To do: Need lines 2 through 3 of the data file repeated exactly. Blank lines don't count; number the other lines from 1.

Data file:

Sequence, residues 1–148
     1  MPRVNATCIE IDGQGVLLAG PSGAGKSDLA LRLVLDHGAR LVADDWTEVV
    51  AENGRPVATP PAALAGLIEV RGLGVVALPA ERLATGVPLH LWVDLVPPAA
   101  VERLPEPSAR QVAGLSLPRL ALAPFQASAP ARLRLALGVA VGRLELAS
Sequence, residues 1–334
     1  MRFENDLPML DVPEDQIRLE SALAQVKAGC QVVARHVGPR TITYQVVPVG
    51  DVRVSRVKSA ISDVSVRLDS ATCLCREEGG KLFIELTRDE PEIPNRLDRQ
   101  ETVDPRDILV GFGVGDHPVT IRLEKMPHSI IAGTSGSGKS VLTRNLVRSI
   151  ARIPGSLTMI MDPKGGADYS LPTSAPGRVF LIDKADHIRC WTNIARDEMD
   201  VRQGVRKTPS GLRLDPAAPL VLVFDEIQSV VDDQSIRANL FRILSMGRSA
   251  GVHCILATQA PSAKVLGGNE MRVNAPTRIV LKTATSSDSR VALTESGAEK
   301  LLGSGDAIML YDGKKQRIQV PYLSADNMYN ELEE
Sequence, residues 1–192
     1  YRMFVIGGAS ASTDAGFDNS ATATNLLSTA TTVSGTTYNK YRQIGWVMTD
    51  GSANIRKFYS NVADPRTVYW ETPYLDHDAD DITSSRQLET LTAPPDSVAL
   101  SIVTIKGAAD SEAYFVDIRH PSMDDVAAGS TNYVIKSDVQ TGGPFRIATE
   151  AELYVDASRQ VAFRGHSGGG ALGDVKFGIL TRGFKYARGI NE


     1  MPRVNATCIE IDGQGVLLAG PSGAGKSDLA LRLVLDHGAR LVADDWTEVV
    51  AENGRPVATP PAALAGLIEV RGLGVVALPA ERLATGVPLH LWVDLVPPAA